Well, I have some free time after going through it four times. Going through it an extra two times just takes more time away from my family, which sucks (I'm married with a kid). Probably takes away from studying for boards as well, which I need to get on top of.

Thanks for the encouragement. I hope I remember more than I think I do. I swear #$@#! microbiology will be the end of me.
CMMRS...do it! I guess its up to you to decide if all that extra time it would take to go through it twice more is worth the extra couple of points on the test.
 
Our school does it the exact same way

Right, ours too. I dunno, OP -- if you're making ~4 passes through and are in the top 33% while having time for your family, I'd say that's quite good. Also out of curiosity, since I still "tinker" with my way of studying, are you doing anything special or noteworthy when you're reading through these notes? Repeating pages, re-reading sentences, anything like that?
 
Right, ours too. I dunno, OP -- if you're making ~4 passes through and are in the top 33% while having time for your family, I'd say that's quite good. Also out of curiosity, since I still "tinker" with my way of studying, are you doing anything special or noteworthy when you're reading through these notes? Repeating pages, re-reading sentences, anything like that?

Well, the first time I usually just read it, and then the second time I start highlighting (probably more than I should), not so much because it helps me learn, but it keeps me on task and awake. The third time through it, I usually go through with a pen and circle things that I am still shaky on. Then I just read through those notes 1-3 more times, depending on how much time/attention span I have.

I do have to re-read a bunch of sentences, look a bunch of things up on google, etc... usually the first time through. What approach do you take?
 
I probably go through material 4-5 times before exams.. but each time I study I try to read more in-depth. Like the first time I'll just highlight the important points and not even really think about it.. then each time after I read in slightly more detail. At the beginning I'll read through a 20 page lecture in like 15 minutes, not really studying, just making associations and learning the new words. Then progressively as exams get closer and I get more stressed/interested in the material I read more and more in-depth. The last full time through the material I take ~an hour for a 20 page lecture and try to understand everything. I know this is odd b/c it seems like it'd be better to keep up and study hard as the lectures come, but I can't... way too busy doing happy things.. so I just skim and try to learn words until 1-2 weeks before exams, then I start studying all day every day. it works though; weeks of vacation, weeks of crazy productivity..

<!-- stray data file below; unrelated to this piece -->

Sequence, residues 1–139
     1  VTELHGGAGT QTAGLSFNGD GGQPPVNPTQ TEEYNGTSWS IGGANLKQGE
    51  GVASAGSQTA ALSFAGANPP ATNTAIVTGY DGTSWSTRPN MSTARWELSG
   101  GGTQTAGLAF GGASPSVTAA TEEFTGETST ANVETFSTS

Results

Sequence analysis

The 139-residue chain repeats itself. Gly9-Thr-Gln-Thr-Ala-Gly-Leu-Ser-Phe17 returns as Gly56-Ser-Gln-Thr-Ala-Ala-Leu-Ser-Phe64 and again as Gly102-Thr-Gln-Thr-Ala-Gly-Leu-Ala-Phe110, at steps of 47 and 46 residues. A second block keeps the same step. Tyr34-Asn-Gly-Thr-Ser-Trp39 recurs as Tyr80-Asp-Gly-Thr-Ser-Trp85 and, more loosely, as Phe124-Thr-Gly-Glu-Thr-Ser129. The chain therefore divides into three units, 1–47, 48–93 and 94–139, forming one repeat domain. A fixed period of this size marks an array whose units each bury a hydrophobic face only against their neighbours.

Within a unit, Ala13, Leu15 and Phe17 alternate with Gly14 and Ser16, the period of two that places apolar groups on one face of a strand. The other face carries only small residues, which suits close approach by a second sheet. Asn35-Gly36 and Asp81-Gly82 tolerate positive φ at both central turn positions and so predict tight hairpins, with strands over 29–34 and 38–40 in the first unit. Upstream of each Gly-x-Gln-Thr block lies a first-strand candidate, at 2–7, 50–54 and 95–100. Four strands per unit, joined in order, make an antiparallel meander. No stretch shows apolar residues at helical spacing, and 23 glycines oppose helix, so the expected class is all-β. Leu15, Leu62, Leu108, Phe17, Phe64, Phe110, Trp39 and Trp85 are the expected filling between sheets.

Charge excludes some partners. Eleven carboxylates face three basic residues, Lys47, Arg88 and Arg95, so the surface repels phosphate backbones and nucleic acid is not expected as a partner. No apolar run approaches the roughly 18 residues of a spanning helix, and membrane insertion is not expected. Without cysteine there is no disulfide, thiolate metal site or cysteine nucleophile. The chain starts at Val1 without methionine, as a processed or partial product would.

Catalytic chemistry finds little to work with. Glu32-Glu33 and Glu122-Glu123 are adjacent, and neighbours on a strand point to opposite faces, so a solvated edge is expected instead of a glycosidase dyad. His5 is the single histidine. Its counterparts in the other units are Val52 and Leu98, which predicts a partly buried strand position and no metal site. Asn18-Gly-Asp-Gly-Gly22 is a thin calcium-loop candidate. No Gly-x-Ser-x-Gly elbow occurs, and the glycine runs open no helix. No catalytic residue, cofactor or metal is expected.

I can't even get away with reading the lecture notes they hand out multiple times to memorize things. I have to completely rewrite the notes to organize them in a way that makes sense to me (Disease, cause, pathophys, symptoms, diagnosis, treament) and is consistent from lecture to lecture (our notes are really variable). This takes me at least an hour per lecture.

From those notes have to go through at least 3-5x to start memorizing details. I will admit, though, that once I have the notes in my own format I can go through a lot faster.
 
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Once to get the jist and a second time to memorize. I take tons of notes and highlight a lot the first time then really concentrate on memorizing the details the second time.
 
Once I'm in "the zone" and take a second or two to put the details into context of the big picture (which is why it takes me so long to study, because I'm constantly visualizing), it only takes me 2-3 times.

If I'm not in the zone, I could re-read it over and over again and it won't matter. I'll forget it 5 minutes later.
 
Once to read and understand the stuff (after which I write down all the stuff I remember) and then twice to go over the stuff: the first time in detail, and the 2nd time - just skimming over the stuff written. Has worked well for me so far.
 
the more I read it, the better I do. 3 times or less gets me grades I'm not too pleased with but it will get me through tests. if I want to truly remember it and not just get through a test, I have to read it 6-7 times.

I do think that the way you study is more important than the number of times you read something. try to find some way of actively learning (draw out diagrams, make lists, type notes) to help solidify your knowledge. forcing yourself to come up with info instead of just reading helps a lot, I find